"Ты знаешь, где галерея? Она впереди."
Translation:Do you know where the gallery is? It is up ahead.
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Also, a note, and someone please add to this, rules would predict that вп be pronounced as фп, so фпереди...not that that's much easier. When soft бвгджз are followed by any of the following 6 hard consonants пфктшс, then the softies will switch to their hard counterpart (listed respectively). Fun, I know. And the rule applies in reverse, but with the exception of в not being able to transform its preceding consonants...bc it aint Russian or English without fun exceptions. Here's link that will confuse or help, idk, but there is a slight bit more to add http://masterrussian.com/aa081201a.shtml
Native English speaker here. We would normally say "It is straight ahead" rather than "it is up ahead", although that is also sometimes used. However "straight" is marked incorrect by Duolingo. Perhaps "up ahead" can be used if it is not literally in a straight line ahead and that is why "up" is distinguished from "straight"?
Things like this are very regional in the English speaking world as I’m sure you know. There are even wide differences in expression between urban and rural regions, as so many internet jokes have shown, ie: “you know you’re from (insert sparsely populated state/province) when you measure travel distances in hours”
I thought about this too, after commenting. There are variations within the UK, let alone between other countries where English is widely spoken. I was wondering if there is a strict Russian differentiation between "up" ahead and "straight" ahead, and on reflection there is a difference, even in English. Which is why I wrote that last sentence about being literal. If the location is straight ahead, such as on a straight road = "straight ahead" or if there were many stages, such as turns in the road, in which case "up" ahead might be more suitable. However, TedSandila let me know that even "straight ahead" was correct according to Duolingo, and this seems logical, since Duolingo didn't give any information about the gallery being located after turns in the road etc. So I must have just made a mistake somewhere else in my answer.
I wish I could address your question regarding any potential difference in Russian between "straight ahead" and "just ahead" or "up ahead" or "ahead". Russian verbs of motion are particularly confusing for me (Canadian English). In many situations I think English used to be more like the Russian we are studying but has become a bit sloppy. I constantly struggle with modern English grammar that would have raised the ire of my teachers just 60 years ago, but is perfectly acceptable today.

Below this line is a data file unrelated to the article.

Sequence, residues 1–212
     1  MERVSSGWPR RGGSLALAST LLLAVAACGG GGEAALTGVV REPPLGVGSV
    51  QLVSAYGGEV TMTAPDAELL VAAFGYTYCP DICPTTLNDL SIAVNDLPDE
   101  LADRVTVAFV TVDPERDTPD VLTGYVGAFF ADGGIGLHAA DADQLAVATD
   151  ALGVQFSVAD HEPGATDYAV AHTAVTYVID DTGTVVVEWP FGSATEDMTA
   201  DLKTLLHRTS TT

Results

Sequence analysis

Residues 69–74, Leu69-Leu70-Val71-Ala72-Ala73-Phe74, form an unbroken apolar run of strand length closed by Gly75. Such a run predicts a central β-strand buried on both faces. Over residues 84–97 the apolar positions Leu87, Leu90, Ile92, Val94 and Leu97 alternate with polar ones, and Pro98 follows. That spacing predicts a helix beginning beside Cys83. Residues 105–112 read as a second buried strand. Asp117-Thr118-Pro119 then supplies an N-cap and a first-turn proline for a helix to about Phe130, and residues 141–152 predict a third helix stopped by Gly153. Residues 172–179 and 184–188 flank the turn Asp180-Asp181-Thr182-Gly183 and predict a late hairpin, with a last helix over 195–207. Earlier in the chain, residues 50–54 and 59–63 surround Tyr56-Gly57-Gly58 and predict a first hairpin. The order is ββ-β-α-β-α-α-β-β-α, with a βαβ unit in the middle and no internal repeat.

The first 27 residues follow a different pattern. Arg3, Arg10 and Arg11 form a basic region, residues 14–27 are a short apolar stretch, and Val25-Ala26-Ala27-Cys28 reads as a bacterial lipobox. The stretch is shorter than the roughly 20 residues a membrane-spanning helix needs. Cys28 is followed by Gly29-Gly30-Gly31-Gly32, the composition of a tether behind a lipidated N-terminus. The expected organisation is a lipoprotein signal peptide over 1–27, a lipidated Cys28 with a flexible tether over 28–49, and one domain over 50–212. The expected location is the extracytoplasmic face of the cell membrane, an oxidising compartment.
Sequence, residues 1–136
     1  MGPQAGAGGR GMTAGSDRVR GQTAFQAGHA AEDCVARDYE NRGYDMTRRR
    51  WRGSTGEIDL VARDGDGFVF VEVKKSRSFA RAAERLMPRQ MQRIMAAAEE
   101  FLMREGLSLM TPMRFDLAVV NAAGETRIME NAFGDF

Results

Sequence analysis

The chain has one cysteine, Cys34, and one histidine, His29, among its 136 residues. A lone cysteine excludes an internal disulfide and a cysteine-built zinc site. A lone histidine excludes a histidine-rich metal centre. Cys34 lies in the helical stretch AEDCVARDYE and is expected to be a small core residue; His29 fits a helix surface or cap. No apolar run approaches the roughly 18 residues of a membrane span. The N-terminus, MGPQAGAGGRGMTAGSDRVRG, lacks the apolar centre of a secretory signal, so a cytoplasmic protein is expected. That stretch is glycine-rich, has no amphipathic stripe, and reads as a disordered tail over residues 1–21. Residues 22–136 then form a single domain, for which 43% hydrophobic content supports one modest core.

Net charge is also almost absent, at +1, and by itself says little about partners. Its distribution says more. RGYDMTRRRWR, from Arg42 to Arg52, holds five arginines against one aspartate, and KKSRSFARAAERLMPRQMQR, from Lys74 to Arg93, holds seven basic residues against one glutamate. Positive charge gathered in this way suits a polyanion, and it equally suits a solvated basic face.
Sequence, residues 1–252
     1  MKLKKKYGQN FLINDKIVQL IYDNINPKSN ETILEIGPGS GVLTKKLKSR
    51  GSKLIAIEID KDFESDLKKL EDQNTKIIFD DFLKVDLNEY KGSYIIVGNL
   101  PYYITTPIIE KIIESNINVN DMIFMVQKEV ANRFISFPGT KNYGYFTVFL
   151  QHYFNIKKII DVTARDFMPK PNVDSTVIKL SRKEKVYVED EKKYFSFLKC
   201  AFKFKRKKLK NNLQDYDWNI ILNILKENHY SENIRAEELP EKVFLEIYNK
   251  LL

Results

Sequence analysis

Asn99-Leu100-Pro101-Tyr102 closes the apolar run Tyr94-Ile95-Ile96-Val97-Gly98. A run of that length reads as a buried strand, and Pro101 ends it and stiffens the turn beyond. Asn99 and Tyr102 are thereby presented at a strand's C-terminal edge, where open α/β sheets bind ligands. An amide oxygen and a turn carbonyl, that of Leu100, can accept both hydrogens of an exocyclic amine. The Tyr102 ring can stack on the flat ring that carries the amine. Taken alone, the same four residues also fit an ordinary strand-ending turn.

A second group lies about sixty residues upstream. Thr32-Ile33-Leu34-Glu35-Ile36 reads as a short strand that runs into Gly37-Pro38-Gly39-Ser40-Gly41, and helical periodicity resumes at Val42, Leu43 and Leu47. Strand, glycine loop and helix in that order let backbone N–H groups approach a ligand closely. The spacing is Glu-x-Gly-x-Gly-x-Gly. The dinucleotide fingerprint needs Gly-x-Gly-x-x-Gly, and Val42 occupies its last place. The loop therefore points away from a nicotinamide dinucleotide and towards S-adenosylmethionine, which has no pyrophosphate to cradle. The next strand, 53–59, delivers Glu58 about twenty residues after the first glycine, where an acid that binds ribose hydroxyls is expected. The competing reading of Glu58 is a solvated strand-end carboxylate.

Generally Duo is forgiving with Russian to English translations, with multiple alternative translations being accepted. That said, every alternate has been entered manually, by volunteers who attempt to accept every reasonable and regional word order and word choice that demonstrates that the user has grasped the meaning, the tense, and the grammatical subject of the Russian sentence. Some exercises have dozens of alternates.
This native speaker would be unlikely to say straight ahead. I would use straight in the context of describing something that is straight, like a road or a wall. "The road is straight for 30 Km then curves to the south." When I am actively moving, I am most likely to say, "The vegetable stand is up ahead" or "That truck is still ahead of us."
In any event, "Do you know where the gallery is? It is straight ahead." is one of the accepted answers. Might you have made a different error?
Perhaps I overlooked a mistake, as the question didn't specify the exact location, so in this case, either should be accepted. I think northernalberta's comment is interesting too, as regional 'speak' may come into play, with regards to what a native speaker might use. As a Londoner, straight ahead (if the direction is more or less forward in a straight road) is acceptable and common even in general at times (even if it were not literally straight ahead). In East London at least. "Excuse me, where is the gallery?" "It's straight ahead mate" ;-)